1. Online mentoring scheme for Ugandan writers

The scheme started in 2012 and paired sixteen emerging writers and poets from Uganda with four established UK-based writers. The main objective was to challenge and inspire the participants to produce good literature by focusing on professional writing skills development and offering practical creative writing guidance. Our first group of mentees was able to develop strong portfolios, which culminated in an anthology of short stories and poems published in E-format, titled SUUBI. Based on the strength of their writing, three writers from this project were selected and offered places on the Caine Prize for African Writing annual workshop, which was held in Uganda in April 2013. Others continue to have their works published online and in anthologies.

We plan to scale up this project by connecting African writers with established writers from other parts of the world in order to create more writing and publishing opportunities for emerging African writers.

  1. The Uganda International Writers Conference First Edition

Twenty-five African writers participated in the First Edition of the ‘Uganda International Writers’ Conference,’ in March 2013. The conference was themed: Dialogue Across the Diaspora, Across the Continent.’ It offered two activities: panel conversations which provided rich, stimulating discussions, and training sessions on digital writing and how to use social media as a writing development tool. Participating international writers came from Malawi, Liberia, DR Congo, Kenya, Ghana, The Netherlands, Norway and the United Kingdom.

The second Edition is planned to take place in March 2015 under the theme: Memoir and Truth. For details and updates, please check our website.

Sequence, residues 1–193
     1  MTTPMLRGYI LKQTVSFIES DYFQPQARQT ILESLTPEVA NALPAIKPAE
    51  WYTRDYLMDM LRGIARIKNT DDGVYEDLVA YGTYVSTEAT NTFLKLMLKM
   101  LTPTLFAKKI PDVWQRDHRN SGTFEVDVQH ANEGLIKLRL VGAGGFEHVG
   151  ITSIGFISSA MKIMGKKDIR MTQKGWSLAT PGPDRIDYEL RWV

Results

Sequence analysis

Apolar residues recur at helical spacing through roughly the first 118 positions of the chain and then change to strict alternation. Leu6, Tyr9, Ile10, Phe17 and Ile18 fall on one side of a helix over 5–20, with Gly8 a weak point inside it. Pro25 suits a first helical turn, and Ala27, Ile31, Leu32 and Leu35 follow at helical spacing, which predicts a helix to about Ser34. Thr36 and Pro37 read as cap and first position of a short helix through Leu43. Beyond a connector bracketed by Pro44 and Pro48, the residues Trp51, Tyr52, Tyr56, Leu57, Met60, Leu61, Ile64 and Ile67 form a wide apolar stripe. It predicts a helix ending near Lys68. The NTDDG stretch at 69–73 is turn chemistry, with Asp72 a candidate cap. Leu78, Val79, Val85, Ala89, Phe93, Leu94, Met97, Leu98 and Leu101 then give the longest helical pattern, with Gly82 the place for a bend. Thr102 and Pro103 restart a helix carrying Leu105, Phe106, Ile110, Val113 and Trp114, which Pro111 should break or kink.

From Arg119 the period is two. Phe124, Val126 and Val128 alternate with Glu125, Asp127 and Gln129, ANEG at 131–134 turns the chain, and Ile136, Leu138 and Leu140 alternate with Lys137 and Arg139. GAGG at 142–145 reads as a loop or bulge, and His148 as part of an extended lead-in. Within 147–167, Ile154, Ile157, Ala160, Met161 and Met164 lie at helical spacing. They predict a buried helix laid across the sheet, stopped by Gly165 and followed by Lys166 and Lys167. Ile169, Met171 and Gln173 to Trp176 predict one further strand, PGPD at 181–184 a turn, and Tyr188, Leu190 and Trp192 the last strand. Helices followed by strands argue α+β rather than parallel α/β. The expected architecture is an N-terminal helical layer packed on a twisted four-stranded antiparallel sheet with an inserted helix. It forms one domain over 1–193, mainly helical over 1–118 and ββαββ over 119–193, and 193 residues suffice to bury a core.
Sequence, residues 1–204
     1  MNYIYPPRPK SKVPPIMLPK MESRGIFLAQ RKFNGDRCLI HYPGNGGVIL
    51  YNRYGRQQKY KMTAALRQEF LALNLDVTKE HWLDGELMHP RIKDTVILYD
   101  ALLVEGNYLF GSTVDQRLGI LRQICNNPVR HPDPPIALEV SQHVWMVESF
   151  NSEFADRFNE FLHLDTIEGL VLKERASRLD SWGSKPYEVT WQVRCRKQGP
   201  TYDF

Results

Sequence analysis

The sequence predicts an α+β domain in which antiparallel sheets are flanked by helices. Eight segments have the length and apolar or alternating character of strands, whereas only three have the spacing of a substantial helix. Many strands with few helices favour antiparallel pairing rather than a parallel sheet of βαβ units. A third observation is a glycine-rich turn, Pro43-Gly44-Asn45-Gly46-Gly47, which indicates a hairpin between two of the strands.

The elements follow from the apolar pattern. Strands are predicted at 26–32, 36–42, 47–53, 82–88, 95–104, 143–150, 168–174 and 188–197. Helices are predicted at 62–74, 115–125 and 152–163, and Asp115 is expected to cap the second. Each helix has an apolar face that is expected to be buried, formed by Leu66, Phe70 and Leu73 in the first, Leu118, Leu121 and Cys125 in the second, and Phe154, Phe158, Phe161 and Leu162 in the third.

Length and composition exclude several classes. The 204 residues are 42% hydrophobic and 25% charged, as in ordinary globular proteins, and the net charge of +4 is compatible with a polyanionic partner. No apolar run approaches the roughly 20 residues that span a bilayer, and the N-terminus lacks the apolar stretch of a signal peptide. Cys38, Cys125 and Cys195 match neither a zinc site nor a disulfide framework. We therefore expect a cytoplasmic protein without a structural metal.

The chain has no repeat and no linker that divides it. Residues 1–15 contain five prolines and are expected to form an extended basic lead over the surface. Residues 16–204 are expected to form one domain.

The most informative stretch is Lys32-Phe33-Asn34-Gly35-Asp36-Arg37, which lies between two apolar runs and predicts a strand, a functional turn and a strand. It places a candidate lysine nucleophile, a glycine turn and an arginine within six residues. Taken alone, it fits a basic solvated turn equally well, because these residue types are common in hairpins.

1. Website/Blog and Digital Writing

Since 2010, AWT has maintained an active and up-to-date website/blog as a platform for African writers to interact, share information and other resources on writing and literary activities in Africa and the Diaspora. Several social media networking tools have been created including LinkedIn, Twitter and Facebook to facilitate further interactions between writers. We also share literary news, announcements, and commission articles on book reviews and translations into French. We invite contributions in form of articles, essays and book reviews.

 

Future Plans

While our training workshops have been effective in imparting writing and editorial skills, the time dedicated to craft development is not sufficient. We are keen to extend the impact of the workshops beyond the week-long trainings. The plan, therefore, is for the creative writing and editorial workshops to evolve into the Uganda Writers Centre, with courses designed to last an extended period.

The aim of the Centre will be to offer formal, professional writing, editing and social media skills to writers and poets in Africa, and to develop a teaching programme that will stand on its own merit and attract upcoming writers from across the African continent.